Tuesday, March 2, 2010

CJ Roberts Denies Stay of DC Same-Sex Marriage

Roberts Acting as Circuit Justice for the DC Circuit, Chief Justice Roberts refused to grant a stay of DC's Religious Freedom and Civil Marriage Equality Amendment Act which allows same-sex marriage.  The brief opinion Jackson v. District of Columbia Board of Elections and Ethics, issued today began by explaining:

Petitioners in this case are Washington D. C. voters who would like to subject the District of Columbia’s Religious Freedom and Civil Marriage Equality Amendment Act of 2009 to a public referendum before it goes into effect [citation omitted].  The Act expands the definition of marriage in the District to include same-sex couples. See D. C. Act 18–248; 57 D. C. Reg. 27 (Jan. 1, 2010).  The D. C. Charter specifies that legislation enacted by the D.C. Council may be blocked if a sufficient number of voters request a referendum on the issue.  [citation omitted].The Council, however, purported in 1979 to exempt from this provision any referendum that would violate the D. C. Human Rights Act. [citation omitted].  The D. C. Board of Elections, D. C. Superior Court, and D. C. Court of Appeals denied petitioners’ request for a referendum on  the grounds that the referendum would violate the Human Rights Act.  [see our previous post here].

Petitioners argue that this action was improper, because D.C. Council legislation providing that a referendum is not required cannot trump a provision of the D. C. Charter specifying that a referendum is required. They point out that if the Act does become law, they will permanently lose any right to pursue a referendum under the Charter. [citation omitted]. Petitioners ask the Court for a stay that would prevent the Act from going into effect, as expected, on March 3, 2010.

Roberts concluded that while this "argument has some force," and without "addressing the merits of petitioners’ underlying claim,"  a stay was not warranted.  He reasoned:

First, as “a matter of judicial policy”—if not “judicial power”—“it has been the practice of the Court to defer to the decisions of the courts of the District of Columbia on matters of exclusively local concern.”

Second, the Act at issue was adopted by the Council and placed before Congress for the 30-day period of review required by the D. C. Charter.  A joint resolution of disapproval by Congress would prevent the Act from going into effect, but Congress has chosen not to act. The challenged provision purporting to exempt certain D. C. Council actions from the referendum process, was itself subject to review by Congress before it went into effect.  While these considerations are of course not determinative of the legal issues, they do weigh against granting petitioners’ request for a stay, given that the concern is that action by the Council violates an Act of Congress.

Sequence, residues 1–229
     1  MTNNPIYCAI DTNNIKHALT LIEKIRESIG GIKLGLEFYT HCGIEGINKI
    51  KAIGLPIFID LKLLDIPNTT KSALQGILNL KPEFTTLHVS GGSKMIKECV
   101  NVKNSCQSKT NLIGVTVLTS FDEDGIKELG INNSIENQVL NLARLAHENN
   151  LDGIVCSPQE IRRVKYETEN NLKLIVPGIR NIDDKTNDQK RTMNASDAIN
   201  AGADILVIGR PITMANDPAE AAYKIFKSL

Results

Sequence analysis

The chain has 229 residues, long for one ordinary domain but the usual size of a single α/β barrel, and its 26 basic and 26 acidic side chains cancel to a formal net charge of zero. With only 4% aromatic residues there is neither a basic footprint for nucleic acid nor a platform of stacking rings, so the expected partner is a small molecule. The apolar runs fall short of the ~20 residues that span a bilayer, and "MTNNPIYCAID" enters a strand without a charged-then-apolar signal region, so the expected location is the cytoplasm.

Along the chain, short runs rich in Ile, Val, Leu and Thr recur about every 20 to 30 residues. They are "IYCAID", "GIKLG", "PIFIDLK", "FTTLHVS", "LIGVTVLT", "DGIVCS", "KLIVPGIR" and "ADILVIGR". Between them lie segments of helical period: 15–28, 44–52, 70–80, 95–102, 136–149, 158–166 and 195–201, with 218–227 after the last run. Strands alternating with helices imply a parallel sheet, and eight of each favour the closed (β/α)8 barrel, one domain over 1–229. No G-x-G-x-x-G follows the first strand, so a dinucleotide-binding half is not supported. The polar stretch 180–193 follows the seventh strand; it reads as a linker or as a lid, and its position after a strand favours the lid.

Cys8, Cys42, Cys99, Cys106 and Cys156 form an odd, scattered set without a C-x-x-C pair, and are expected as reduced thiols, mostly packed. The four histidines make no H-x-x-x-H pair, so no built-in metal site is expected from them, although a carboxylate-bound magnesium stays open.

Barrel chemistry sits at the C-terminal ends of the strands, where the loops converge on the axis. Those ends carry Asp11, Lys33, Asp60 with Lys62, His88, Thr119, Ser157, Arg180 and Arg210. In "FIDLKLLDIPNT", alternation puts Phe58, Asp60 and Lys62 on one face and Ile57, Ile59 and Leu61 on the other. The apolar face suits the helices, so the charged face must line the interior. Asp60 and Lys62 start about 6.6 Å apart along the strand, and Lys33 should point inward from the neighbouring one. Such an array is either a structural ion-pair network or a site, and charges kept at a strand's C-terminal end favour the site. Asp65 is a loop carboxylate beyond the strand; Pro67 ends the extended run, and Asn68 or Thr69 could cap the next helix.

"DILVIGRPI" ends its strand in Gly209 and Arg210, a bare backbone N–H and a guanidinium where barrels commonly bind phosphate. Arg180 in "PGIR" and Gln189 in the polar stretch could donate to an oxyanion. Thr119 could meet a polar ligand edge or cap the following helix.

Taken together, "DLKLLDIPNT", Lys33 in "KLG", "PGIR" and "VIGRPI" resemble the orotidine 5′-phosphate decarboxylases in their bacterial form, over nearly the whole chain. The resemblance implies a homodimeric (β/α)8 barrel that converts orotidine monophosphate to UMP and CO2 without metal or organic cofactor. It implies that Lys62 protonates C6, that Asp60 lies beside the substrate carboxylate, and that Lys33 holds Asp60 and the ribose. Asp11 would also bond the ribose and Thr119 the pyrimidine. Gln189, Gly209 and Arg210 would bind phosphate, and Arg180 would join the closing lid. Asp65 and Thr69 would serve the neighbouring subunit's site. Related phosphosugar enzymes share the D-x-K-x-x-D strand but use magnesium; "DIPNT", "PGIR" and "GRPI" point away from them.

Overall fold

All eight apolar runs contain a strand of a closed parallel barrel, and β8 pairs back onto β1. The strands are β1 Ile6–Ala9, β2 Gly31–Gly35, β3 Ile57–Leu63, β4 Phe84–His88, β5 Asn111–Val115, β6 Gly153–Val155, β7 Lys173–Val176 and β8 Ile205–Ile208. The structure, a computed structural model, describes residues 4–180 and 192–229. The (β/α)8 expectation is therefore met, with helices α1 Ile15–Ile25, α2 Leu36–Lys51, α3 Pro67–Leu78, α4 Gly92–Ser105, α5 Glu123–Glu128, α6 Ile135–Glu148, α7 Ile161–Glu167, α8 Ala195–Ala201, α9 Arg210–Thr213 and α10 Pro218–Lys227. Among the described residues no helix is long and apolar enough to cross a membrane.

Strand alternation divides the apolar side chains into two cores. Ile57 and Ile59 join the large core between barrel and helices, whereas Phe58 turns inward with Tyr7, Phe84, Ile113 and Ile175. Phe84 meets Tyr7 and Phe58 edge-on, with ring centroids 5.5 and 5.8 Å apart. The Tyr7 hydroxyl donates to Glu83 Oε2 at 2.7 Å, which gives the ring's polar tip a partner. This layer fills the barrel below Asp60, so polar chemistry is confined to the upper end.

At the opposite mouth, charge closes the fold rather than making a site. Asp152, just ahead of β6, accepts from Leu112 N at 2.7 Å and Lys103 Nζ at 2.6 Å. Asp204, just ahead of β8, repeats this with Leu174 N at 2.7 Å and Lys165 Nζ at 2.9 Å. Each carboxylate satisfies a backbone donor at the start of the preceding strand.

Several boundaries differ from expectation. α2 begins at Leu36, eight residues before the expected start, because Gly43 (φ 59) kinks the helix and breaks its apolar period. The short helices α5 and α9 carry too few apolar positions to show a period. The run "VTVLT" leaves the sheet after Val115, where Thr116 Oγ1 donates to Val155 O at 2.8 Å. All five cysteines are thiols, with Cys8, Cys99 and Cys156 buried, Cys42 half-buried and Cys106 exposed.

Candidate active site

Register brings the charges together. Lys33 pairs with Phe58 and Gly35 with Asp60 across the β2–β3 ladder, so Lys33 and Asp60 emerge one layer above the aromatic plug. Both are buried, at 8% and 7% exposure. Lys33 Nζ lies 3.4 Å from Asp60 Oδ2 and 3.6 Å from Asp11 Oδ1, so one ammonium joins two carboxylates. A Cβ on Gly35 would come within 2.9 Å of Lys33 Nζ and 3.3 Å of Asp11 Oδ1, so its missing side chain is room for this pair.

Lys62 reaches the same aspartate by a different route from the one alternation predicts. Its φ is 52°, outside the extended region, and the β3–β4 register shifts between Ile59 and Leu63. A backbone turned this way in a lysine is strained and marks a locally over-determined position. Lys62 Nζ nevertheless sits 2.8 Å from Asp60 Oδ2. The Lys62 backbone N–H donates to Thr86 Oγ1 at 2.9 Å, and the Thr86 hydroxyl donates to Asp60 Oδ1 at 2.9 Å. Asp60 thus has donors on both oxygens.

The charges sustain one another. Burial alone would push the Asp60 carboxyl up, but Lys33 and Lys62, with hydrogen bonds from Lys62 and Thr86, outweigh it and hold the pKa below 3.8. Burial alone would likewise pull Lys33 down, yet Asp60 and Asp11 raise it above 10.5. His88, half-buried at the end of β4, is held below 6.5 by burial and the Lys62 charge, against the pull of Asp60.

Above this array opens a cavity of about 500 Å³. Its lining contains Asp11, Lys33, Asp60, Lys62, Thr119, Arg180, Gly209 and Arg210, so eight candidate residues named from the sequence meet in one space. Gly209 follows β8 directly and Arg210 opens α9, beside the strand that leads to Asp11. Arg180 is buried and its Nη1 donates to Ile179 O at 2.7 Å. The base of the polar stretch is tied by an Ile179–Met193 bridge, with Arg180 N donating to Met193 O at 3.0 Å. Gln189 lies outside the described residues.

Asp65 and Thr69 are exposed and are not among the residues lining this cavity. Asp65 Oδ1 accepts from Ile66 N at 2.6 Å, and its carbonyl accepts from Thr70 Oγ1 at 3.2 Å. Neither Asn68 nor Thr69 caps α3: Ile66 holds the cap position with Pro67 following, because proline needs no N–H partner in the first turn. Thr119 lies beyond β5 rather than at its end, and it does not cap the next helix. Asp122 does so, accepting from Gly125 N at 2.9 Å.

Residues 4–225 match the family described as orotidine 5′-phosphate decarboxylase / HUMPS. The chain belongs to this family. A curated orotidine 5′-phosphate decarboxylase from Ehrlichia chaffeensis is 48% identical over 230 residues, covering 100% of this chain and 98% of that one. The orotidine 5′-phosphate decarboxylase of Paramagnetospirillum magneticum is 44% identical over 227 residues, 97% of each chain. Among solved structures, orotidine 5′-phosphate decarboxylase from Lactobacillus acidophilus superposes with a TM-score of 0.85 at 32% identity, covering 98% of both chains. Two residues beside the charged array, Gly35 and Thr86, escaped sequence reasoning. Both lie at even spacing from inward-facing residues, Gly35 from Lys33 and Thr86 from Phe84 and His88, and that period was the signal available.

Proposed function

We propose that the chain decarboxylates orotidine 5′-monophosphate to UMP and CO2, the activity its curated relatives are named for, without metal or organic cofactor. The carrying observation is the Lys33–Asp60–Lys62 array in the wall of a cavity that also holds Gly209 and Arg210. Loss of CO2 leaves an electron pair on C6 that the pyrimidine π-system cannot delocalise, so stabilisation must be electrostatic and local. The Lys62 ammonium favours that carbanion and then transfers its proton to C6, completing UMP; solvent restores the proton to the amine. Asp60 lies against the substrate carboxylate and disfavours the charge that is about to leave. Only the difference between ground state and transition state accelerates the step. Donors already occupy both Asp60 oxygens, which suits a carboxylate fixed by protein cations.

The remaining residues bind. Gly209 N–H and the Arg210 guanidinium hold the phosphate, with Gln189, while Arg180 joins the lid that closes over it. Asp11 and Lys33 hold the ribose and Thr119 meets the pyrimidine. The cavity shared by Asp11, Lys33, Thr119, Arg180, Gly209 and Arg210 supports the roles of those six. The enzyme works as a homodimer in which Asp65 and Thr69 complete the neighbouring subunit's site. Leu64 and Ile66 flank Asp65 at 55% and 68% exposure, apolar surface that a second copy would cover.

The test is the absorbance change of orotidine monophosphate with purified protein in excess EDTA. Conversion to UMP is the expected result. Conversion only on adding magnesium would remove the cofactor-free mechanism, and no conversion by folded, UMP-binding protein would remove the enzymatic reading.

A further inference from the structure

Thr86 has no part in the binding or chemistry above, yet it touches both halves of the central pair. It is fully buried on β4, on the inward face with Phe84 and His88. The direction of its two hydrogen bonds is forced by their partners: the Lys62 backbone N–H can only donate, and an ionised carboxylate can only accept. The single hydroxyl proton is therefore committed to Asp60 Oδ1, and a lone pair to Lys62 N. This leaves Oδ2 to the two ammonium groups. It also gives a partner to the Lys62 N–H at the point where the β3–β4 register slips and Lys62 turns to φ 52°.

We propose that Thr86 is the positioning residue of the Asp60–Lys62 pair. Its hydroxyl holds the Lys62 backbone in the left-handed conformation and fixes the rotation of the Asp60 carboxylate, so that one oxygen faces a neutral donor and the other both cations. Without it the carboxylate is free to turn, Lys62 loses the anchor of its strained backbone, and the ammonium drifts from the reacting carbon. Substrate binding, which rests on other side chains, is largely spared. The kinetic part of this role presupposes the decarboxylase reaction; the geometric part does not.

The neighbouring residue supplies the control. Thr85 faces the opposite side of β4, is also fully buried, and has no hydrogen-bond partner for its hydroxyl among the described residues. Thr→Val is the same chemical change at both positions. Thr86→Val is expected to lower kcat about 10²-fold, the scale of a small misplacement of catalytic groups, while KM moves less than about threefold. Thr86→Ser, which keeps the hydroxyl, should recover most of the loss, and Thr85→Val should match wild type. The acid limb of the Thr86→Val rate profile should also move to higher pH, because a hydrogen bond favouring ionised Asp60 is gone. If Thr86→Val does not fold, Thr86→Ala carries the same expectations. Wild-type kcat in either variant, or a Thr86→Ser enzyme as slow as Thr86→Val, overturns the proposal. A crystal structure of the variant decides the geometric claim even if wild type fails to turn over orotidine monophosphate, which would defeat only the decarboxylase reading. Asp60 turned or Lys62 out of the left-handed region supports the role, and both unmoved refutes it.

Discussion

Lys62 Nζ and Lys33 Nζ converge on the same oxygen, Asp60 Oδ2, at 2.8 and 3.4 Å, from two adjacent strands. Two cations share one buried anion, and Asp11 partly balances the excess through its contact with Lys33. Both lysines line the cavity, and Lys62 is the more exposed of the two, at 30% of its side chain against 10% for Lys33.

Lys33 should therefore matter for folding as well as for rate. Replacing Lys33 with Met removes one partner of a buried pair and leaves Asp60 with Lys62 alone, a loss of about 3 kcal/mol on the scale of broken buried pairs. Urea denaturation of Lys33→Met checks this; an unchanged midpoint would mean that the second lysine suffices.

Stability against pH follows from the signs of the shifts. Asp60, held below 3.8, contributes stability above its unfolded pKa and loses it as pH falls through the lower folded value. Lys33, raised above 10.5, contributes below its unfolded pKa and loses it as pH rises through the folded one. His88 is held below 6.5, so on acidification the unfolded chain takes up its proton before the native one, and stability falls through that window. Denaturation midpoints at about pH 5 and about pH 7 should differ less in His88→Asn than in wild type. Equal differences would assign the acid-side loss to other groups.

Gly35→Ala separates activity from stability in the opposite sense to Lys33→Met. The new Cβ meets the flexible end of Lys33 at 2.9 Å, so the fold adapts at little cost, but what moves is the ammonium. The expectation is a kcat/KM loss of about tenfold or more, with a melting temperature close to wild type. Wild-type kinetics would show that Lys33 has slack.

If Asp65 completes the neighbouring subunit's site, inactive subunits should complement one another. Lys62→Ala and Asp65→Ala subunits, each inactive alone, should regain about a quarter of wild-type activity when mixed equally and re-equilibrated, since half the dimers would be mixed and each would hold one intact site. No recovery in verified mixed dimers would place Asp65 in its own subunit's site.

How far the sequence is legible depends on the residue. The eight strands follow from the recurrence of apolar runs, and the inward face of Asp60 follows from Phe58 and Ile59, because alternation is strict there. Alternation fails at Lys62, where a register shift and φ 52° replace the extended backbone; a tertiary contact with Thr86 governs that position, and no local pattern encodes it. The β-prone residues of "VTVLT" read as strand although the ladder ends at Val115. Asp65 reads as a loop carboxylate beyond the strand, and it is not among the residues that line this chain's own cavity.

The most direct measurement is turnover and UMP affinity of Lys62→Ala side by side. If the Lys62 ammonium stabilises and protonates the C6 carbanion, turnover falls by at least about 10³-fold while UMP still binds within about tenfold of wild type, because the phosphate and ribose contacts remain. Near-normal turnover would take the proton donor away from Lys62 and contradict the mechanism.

Finally, while petitioners’ challenge to the Act by way of a referendum apparently will become moot when the Act goes into effect, petitioners have also pursued a ballot initiative, under related procedures in the D. C. Charter, that would give D. C. voters a similar opportunity to repeal the Act if they so choose.

Order at 2-3 [citations omitted].  Roberts ended by noting that there would be a chance for the Court to consider the merits in the future: "the D. C. Court of Appeals will have the chance to consider the relevant legal questions on their merits, and petitioners will have the right to challenge any adverse decision through a petition for certiorari in this Court at the appropriate time."

So, for now, the United States Supreme Court has deferred deciding on constitutional challenges to same-sex marriage in DC.



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On the equal protection claim, Judge Walker ruled that there are genuine issues of fact concerning the level of scrutiny to be applied. He ruled that a sex/gender discrimination was not foreclosed as a matter of law. He also ruled that the level of scrutiny to be applied to sexual orientation was also not determined, holding that while the proponents seem to accept that gays and lesbians have faced discrimination and "contribute equally to society," there remains material issues of fact on the Carolene products factors of "immutability and political power." Additionally, Walker decided that whether or not Proposition 8 was enacted with animus remained an issue requiring factual development and specifically rejected the proponents argument that a finding of animus would mean that "everyone who opposes same-sex marriage is a bigot."

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